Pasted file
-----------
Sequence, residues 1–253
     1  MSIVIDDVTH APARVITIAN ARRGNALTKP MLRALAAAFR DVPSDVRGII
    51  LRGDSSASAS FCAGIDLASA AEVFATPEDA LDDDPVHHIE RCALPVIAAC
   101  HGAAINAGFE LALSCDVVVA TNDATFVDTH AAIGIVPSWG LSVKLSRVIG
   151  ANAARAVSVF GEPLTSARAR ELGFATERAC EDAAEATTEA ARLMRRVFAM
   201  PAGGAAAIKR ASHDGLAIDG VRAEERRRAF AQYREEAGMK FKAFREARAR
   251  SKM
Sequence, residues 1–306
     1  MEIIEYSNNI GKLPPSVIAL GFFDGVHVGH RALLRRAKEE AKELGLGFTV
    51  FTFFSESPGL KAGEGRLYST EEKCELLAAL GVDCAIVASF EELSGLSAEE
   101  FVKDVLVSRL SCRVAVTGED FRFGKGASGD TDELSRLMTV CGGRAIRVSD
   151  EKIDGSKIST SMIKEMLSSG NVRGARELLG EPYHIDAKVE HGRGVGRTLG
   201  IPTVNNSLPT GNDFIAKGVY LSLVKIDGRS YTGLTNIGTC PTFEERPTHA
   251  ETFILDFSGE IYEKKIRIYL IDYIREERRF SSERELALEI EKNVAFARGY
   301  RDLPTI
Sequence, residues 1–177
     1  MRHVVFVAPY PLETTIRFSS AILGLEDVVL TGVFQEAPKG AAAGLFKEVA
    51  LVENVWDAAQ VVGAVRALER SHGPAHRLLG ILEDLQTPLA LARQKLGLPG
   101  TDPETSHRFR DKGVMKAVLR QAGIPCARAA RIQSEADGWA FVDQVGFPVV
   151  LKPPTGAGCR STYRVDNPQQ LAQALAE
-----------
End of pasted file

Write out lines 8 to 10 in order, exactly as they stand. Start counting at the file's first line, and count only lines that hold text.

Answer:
Sequence, residues 1–306
     1  MEIIEYSNNI GKLPPSVIAL GFFDGVHVGH RALLRRAKEE AKELGLGFTV
    51  FTFFSESPGL KAGEGRLYST EEKCELLAAL GVDCAIVASF EELSGLSAEE